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Detecting infectious disease threats in a changing climate

12 Mar 2020

Detecting infectious disease threats in a changing climate

Climate change impacts our health as well as our landscape. Rising temperatures can threaten the quality of the air we breathe, as well as our food and water supplies. The increased incidence of extreme weather events such as hurricanes can raise the threat of water-borne illnesses by contaminating drinking water (through exposure to soil, sewage, and infected animals), promoting the growth of pathogens and the vectors that transmit them, and increasing the likelihood of skin exposure to contaminated water sources.

 

Leptospirosis is a disease caused by the Leptospira bacteria that can provoke kidney damage, meningitis, liver failure, respiratory distress, and even death. It infects humans through exposure to the urine of animals carrying these bacteria or environmental samples contaminated with urine of the infected animal. While leptospirosis has a worldwide distribution, it particularly affects countries with tropical and subtropical climates (Taniguchi and Póvoa 2019). It spreads easily during climate catastrophes, and extreme weather is a high-risk factor, as in the case of the leptospirosis outbreak in Puerto Rico following Hurricane Maria in 2017.

 

Tracking down the culprit

 

Facing the current global climate change, a research group in Okinawa, Japan (Sato et al. 2019) sought to develop new tools to systematically detect Leptospira in order to prevent human infection. This group studied the bacterial ecosystem that allows the development of Leptospira during biofilm formation and investigated which animals are potential reservoirs for transmitting these pathogens to humans.



The researchers screened environmental water samples from a known endemic region in Japan for rRNA targets specific to Leptospira and animals living nearby. They performed multiplex PCR analysis with Takara Ex Taq HS DNA polymerase to detect bacteria using 16S rRNA targets, which they analyzed by NGS (on an Illumina MiSeq® platform). A similar procedure was carried out using PrimeSTAR HS DNA polymerase to detect 12S rRNA from vertebrate animals in the same environmental samples, in order to understand which vertebrate species are more likely to harbor Leptospira (Figure 1). The presence of certain animals, especially boars and eels, seemed to correlate with high levels of Leptospira, showing a potential link between pathogen and carrier. They were able to draw a correlation between the main bacteria (12 strains) that help propagate pathogenic Leptospira and the animals (10 species) that are the primary reservoirs of these bacteria. The multiplex PCR method used in the study is a powerful tool to help determine how Leptospira outbreaks can occur by showing how the environment can impact the development of this pathogen and revealing how it interacts with hosts/carriers. In addition to providing a better understanding of this phenomenon, these findings helped develop a system to better predict human infection risk.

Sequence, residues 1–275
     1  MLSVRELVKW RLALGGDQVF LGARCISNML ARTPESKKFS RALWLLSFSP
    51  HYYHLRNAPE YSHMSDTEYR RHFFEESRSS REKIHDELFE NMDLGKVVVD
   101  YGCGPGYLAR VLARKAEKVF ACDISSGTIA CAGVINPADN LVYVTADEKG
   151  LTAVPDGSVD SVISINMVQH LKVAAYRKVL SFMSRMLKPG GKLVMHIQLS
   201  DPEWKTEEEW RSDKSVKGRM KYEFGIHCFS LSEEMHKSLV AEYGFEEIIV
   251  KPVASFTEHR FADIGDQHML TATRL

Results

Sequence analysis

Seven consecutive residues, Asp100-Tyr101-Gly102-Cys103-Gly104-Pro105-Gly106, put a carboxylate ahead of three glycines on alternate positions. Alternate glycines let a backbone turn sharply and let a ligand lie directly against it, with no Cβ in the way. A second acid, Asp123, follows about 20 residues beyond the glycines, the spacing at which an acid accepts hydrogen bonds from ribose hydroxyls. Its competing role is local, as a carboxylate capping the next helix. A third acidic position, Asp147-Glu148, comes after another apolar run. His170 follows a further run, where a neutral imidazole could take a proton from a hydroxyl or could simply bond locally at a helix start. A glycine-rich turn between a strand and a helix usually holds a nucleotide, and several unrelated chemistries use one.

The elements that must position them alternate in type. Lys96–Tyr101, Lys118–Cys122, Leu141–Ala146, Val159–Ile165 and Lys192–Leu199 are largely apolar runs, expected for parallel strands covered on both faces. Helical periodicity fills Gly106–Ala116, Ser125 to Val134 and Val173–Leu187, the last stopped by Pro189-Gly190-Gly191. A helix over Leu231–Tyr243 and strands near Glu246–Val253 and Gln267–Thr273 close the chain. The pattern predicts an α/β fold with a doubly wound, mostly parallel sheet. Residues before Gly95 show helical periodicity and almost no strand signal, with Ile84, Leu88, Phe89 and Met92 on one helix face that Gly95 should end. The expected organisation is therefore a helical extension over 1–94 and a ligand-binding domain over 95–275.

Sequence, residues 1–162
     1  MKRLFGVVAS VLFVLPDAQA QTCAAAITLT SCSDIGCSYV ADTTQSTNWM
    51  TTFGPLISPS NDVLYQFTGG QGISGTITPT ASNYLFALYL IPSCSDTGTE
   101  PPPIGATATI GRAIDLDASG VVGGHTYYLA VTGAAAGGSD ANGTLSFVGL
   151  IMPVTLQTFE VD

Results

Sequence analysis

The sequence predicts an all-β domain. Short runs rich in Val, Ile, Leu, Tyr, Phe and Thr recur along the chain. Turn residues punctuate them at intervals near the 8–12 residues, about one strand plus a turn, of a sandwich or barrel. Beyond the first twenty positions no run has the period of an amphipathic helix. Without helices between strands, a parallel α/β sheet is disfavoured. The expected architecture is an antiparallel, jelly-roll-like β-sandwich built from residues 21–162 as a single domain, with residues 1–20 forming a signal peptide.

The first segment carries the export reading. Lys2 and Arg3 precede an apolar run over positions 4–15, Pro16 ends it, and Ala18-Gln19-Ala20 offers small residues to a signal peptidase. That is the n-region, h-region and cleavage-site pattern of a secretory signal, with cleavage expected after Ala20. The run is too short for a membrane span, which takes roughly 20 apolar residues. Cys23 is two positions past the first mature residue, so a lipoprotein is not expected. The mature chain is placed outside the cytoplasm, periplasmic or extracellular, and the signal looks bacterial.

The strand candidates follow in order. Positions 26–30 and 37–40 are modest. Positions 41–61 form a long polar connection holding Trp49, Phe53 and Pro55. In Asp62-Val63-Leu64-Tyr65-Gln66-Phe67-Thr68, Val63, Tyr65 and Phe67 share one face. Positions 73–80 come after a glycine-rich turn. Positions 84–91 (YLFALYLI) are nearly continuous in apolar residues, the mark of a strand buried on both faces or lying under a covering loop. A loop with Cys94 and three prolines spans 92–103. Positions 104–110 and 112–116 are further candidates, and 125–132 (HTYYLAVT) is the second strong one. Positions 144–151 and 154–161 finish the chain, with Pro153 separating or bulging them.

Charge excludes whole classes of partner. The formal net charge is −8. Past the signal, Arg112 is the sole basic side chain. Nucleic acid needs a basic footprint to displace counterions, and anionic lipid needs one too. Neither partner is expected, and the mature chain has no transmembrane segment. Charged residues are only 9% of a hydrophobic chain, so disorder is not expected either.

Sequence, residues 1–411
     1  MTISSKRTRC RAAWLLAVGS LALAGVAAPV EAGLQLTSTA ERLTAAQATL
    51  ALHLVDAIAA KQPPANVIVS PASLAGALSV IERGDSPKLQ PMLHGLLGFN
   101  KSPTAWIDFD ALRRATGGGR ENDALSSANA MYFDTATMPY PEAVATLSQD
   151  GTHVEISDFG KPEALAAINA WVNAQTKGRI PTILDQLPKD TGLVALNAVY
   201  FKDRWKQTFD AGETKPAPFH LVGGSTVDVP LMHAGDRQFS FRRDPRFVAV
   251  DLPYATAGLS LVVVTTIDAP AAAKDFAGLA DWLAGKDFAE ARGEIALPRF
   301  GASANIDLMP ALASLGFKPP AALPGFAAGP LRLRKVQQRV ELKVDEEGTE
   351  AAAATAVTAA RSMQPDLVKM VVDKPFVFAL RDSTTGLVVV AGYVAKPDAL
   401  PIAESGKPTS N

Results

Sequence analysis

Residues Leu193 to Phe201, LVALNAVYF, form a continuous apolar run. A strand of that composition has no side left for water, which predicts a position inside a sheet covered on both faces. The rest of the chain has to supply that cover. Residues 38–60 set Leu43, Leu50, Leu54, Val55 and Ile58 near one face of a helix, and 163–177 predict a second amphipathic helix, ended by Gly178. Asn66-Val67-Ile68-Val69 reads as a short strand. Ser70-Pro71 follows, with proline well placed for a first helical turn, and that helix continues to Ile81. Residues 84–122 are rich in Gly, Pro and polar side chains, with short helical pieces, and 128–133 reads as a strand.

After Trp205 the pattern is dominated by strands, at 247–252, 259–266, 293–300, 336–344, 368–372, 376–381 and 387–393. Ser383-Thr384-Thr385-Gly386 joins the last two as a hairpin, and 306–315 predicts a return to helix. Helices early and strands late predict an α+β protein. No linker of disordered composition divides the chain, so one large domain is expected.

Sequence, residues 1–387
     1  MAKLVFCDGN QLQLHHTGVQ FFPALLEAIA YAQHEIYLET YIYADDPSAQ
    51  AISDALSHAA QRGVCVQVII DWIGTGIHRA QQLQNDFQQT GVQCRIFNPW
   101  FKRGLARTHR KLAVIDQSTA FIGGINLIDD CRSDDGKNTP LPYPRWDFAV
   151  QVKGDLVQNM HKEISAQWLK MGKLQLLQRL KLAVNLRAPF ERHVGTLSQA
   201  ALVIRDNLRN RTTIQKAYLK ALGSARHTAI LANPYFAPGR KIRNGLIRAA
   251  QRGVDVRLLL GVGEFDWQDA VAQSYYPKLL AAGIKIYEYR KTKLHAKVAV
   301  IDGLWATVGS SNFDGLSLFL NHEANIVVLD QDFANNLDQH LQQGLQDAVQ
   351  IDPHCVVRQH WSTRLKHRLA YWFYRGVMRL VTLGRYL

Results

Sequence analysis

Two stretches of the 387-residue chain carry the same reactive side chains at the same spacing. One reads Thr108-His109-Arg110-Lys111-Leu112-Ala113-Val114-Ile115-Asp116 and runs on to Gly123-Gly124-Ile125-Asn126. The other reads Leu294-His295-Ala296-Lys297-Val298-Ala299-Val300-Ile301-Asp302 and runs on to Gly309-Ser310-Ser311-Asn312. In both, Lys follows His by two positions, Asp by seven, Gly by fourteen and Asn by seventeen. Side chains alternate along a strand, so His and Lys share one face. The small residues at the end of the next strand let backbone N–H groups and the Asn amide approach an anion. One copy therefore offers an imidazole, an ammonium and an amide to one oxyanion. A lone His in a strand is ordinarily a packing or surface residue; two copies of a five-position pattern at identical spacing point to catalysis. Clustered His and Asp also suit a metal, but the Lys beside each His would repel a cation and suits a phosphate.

Figure 1. Schematic view of the library preparation procedure for metabarcoding sequencing based on a two-step tailed PCR. Multiplex PCR was applied in the first step for Leptospira and bacterial detection. The procedure for vertebrate mitochondrial 12S rRNA sequencing was basically the same but slightly modified from that of Miya et al. 2015. Image and caption adapted from Sato et al. 2019 and used under a Creative Commons Attribution 4.0 International License.

 

Why our polymerases are the investigative tools of choice

 

This study highlights the use of Takara Ex Taq HS and PrimeSTAR HS DNA polymerases to detect bacteria in environmental water samples, which are typically difficult to work with due to the presence of PCR-inhibitory contaminants. It demonstrated the robustness of these two enzymes for performing DNA amplification with samples which pose such challenges. Since screening assays can help prevent health disasters provoked by weather crises, which are occurring with greater frequency and severity due to climate change, having reliable reagents to power those assays will be crucial for getting ahead of future outbreaks.

 

References

 

High Prevalence of Deadly Bacterial Disease Found in Puerto Rico. Yale School of Medicine. https://medicine.yale.edu/news-article/20887/

Leptospirosis | CDC. https://www.cdc.gov/leptospirosis/index.html

Miya, M. et al. MiFish, a set of universal PCR primers for metabarcoding environmental DNA from fishes: Detection of more than 230 subtropical marine species. R. Soc. Open Sci. 2, (2015).

Sato, Y. et al. Environmental DNA metabarcoding to detect pathogenic Leptospira and associated organisms in leptospirosis-endemic areas of Japan. Sci. Rep. 9, 1–11 (2019).

Taniguchi, L. U. & Póvoa, P. Leptospirosis: one of the forgotten diseases. Intensive Care Med. 45, 1,816–1,818 (2019).

Takara Bio Blog Team

Takara Biotech

12 Mar 2020

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